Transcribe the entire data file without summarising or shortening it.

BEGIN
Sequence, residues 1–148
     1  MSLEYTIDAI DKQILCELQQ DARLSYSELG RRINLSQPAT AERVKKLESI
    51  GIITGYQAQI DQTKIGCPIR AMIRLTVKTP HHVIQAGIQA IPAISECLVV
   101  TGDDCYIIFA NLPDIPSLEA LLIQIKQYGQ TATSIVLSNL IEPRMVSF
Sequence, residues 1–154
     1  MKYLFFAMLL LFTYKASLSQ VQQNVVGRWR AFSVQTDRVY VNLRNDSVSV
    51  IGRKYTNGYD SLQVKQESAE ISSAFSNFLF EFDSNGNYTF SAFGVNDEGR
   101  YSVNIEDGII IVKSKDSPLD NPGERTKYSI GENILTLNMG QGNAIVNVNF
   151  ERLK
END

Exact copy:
Sequence, residues 1–148
     1  MSLEYTIDAI DKQILCELQQ DARLSYSELG RRINLSQPAT AERVKKLESI
    51  GIITGYQAQI DQTKIGCPIR AMIRLTVKTP HHVIQAGIQA IPAISECLVV
   101  TGDDCYIIFA NLPDIPSLEA LLIQIKQYGQ TATSIVLSNL IEPRMVSF
Sequence, residues 1–154
     1  MKYLFFAMLL LFTYKASLSQ VQQNVVGRWR AFSVQTDRVY VNLRNDSVSV
    51  IGRKYTNGYD SLQVKQESAE ISSAFSNFLF EFDSNGNYTF SAFGVNDEGR
   101  YSVNIEDGII IVKSKDSPLD NPGERTKYSI GENILTLNMG QGNAIVNVNF
   151  ERLK